The IRS announced that for tax years beginning before January 1, 2008, nongrantor trusts and estates will not be required to unbundle their fiduciary fees to determine what portion is subject to the Sec. 67(a) 2% threshold for itemized deductions.
Tax Planning; Tax Minimization
The Supreme Court held that deductible investment fees incurred by a trust or estate are subject to the 2% miscellaneous deduction floor unless they are fees of a type that individuals would not commonly or customarily incur.
The Supreme Court held that investment advisory fees are generally subject to the 2% floor but refused to go as far as the Second Circuit in saying that the exclusivity test requires that the fees could not have been incurred by an individual.
This item discusses how the 2% floor affects a trust’s regular tax and alternative minimum tax (AMT), the effect of the recent Supreme Court decision in Knight on the continuing controversy, and the efficacy of the proposed regulations in the wake of the Knight decision.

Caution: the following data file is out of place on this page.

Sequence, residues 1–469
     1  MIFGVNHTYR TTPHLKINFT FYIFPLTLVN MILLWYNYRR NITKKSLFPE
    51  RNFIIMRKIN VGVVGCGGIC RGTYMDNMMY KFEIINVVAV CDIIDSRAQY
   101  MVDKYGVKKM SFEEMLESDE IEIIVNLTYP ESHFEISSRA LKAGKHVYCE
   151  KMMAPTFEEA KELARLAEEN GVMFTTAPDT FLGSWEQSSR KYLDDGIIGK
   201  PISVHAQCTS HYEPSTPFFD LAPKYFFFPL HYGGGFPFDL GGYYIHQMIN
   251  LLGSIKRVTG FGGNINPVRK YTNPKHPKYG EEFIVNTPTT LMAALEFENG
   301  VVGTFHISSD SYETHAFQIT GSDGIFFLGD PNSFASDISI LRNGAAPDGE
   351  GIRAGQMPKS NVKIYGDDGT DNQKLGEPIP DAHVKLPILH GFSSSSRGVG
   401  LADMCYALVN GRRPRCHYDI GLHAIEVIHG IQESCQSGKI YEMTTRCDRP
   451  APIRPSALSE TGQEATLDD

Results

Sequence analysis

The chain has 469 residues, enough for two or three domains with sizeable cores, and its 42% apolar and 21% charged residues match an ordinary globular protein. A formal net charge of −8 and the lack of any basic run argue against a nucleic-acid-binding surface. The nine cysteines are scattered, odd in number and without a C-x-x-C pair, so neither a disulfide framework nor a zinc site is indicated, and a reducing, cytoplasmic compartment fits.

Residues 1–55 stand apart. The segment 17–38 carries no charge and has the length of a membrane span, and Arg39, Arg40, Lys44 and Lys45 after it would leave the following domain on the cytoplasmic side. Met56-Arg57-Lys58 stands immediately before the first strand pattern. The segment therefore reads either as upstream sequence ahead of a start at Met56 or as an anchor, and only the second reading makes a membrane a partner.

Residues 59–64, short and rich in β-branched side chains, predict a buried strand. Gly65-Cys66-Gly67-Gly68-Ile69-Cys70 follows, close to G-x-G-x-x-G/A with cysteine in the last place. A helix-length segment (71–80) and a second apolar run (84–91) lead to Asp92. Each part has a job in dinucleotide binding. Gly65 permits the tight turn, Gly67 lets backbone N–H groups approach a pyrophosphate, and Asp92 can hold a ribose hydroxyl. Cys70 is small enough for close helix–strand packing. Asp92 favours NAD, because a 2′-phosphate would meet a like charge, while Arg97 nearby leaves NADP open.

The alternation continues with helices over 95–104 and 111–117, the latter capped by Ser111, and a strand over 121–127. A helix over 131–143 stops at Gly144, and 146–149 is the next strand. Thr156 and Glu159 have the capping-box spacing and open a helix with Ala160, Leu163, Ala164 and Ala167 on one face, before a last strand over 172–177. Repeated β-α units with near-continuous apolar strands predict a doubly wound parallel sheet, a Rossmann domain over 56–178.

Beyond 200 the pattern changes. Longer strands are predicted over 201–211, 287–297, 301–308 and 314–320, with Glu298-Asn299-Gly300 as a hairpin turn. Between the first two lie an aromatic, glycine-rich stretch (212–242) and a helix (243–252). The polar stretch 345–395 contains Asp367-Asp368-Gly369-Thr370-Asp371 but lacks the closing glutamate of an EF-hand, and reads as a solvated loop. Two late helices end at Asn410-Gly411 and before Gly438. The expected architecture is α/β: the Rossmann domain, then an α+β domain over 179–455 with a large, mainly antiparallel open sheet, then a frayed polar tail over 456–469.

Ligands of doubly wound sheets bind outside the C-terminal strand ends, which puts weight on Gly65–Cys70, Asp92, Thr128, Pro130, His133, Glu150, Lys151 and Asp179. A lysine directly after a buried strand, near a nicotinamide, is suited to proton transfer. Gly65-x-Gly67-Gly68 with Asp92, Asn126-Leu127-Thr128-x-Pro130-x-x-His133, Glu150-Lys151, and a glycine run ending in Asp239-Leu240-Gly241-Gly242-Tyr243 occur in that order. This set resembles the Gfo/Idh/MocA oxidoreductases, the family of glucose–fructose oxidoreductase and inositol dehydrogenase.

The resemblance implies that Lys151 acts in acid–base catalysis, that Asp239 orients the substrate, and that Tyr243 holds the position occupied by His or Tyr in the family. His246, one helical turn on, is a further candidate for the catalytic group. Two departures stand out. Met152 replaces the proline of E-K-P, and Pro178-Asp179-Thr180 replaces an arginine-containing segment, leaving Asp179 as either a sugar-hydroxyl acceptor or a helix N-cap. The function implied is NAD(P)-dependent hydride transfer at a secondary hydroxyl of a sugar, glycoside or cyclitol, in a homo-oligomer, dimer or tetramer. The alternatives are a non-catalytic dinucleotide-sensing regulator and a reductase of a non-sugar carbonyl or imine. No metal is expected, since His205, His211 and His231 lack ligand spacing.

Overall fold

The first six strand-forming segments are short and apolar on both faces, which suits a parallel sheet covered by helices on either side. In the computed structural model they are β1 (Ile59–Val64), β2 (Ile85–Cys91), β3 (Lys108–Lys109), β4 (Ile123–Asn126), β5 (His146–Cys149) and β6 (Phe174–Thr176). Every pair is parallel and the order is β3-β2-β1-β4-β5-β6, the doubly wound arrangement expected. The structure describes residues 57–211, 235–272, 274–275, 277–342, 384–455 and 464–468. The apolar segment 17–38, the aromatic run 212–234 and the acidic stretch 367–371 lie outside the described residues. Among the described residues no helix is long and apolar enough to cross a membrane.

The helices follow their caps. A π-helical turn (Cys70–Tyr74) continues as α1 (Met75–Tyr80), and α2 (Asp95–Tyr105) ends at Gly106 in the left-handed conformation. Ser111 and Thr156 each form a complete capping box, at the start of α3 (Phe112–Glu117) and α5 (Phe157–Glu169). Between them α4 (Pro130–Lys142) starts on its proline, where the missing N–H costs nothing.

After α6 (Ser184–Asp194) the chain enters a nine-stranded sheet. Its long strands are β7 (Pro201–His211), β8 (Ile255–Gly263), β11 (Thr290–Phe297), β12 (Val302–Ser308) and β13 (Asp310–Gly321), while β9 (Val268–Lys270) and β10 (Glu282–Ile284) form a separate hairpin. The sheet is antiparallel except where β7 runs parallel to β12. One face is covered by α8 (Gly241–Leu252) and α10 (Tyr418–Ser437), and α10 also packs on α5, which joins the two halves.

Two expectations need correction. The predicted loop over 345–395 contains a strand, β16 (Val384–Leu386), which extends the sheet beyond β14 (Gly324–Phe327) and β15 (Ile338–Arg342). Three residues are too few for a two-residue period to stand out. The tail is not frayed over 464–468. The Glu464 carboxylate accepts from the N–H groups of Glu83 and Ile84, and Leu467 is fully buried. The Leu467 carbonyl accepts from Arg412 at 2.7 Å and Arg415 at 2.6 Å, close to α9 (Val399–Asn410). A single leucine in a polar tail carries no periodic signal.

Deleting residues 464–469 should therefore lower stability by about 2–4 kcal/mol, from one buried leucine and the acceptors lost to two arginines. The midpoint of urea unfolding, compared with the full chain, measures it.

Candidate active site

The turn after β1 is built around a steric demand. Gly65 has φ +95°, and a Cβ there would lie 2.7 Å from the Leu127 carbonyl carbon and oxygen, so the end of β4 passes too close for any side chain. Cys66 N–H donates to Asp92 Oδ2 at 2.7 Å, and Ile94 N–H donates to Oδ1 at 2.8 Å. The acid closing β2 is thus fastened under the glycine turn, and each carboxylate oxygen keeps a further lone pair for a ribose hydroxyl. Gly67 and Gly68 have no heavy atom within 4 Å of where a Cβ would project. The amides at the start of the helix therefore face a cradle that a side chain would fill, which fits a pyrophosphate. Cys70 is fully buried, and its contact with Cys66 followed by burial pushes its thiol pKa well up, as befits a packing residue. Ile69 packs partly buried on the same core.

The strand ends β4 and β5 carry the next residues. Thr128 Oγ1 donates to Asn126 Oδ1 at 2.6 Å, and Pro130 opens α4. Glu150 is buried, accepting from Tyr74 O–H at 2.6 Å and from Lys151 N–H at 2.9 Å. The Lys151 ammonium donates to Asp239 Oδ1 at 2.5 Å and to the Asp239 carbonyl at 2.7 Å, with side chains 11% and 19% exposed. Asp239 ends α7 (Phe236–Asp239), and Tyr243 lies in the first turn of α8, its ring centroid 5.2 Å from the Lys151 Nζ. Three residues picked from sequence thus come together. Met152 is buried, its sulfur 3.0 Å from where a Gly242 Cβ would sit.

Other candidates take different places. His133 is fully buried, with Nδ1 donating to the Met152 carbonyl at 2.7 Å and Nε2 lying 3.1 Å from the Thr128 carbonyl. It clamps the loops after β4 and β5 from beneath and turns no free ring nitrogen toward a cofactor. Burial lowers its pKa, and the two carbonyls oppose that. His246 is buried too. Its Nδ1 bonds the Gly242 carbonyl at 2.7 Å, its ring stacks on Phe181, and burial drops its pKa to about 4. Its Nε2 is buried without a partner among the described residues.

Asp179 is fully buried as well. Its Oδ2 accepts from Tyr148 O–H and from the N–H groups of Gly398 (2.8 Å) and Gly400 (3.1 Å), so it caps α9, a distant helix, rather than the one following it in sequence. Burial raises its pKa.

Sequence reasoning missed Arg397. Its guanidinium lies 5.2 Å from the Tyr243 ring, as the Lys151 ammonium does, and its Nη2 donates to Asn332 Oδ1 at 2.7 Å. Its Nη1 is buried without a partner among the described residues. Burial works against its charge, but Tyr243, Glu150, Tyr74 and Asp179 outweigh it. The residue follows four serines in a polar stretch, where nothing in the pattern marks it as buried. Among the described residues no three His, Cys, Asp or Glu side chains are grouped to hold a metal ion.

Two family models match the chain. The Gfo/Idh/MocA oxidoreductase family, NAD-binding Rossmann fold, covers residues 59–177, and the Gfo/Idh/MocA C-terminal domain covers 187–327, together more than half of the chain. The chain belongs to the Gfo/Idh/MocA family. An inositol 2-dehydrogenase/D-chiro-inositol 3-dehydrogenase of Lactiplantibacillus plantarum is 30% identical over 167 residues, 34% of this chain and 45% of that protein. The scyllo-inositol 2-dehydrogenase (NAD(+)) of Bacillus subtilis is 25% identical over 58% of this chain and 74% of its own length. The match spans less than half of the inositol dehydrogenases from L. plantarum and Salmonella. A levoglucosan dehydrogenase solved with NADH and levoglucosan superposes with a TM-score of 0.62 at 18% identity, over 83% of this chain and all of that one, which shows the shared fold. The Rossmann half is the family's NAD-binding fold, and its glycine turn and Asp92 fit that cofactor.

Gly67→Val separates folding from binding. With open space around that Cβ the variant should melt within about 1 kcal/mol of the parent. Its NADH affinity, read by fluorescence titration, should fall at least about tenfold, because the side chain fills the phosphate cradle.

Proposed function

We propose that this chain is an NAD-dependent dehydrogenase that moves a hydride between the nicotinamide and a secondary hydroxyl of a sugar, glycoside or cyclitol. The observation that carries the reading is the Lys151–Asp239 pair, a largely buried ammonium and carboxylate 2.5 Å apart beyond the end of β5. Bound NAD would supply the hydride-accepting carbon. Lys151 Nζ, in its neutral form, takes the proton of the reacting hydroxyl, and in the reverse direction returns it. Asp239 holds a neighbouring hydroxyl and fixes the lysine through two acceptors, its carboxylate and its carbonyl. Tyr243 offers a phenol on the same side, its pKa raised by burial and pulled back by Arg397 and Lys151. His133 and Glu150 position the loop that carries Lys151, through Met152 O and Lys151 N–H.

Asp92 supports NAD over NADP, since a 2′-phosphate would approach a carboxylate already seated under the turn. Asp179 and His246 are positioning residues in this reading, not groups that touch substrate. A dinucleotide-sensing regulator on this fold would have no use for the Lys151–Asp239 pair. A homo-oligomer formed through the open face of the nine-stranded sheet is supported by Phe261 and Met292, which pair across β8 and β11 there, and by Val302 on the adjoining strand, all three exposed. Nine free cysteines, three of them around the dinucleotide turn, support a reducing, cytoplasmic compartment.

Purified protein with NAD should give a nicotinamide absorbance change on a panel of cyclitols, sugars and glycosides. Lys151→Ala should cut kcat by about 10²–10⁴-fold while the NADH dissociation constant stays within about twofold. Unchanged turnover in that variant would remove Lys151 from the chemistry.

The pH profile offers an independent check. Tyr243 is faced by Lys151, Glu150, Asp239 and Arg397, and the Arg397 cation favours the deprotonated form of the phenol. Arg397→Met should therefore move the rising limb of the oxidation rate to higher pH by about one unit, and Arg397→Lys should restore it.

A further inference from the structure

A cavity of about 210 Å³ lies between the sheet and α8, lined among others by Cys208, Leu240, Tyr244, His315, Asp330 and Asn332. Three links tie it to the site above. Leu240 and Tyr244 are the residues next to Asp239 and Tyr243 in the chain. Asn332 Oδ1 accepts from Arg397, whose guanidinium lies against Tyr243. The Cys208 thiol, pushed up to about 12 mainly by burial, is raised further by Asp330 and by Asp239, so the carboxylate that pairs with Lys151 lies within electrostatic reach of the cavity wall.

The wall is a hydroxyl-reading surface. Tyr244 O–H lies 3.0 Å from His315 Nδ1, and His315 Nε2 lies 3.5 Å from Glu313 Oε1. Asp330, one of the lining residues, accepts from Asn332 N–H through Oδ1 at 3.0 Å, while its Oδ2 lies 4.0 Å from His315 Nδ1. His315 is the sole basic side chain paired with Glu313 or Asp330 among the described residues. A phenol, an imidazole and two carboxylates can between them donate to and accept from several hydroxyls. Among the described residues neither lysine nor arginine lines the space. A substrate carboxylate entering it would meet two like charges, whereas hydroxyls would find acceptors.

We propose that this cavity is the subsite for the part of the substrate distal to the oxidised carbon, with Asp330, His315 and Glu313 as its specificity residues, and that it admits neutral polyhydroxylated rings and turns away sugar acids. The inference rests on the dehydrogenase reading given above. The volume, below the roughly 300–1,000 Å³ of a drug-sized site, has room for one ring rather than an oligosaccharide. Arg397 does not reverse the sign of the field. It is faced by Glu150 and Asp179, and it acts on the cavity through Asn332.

Editor: Kevin F. Reilly, J.D., CPA In July, the IRS issued proposed regulations (REG128224-06) providing guidance on whether costs incurred by estates or nongrantor trusts are subject to the 2% floor for miscellaneous itemized deductions. The new rules intend to clarify the deductibility of advisory fees paid by estates and
Under Sec. 67(a), miscellaneous itemized deductions are allowed only to the extent that they exceed 2% of a taxpayer’s adjusted gross income (AGI). The AGI of an estate or trust is computed in the same manner as for an individual for these purposes, except that, under Sec. 67(e)(1), administrative costs
This article reviews how depreciation from a partnership is allocated between a trust and its beneficiaries and highlights the potential trap the allocation can cause when the depreciation deduction flows through a partnership.
On March 23, 2007, the Rudkin Testamentary Trust petitioned the Supreme Court to resolve the split in the circuits over whether Sec. 67(e) allows estates and trusts to fully deduct investment management fees. (The American Bankers Association will also file an amicus brief.) The Second Circuit created a three-way split
This article examines how the Second Circuit reached its decision and how trustees and practitioners should respond to this questionable ruling.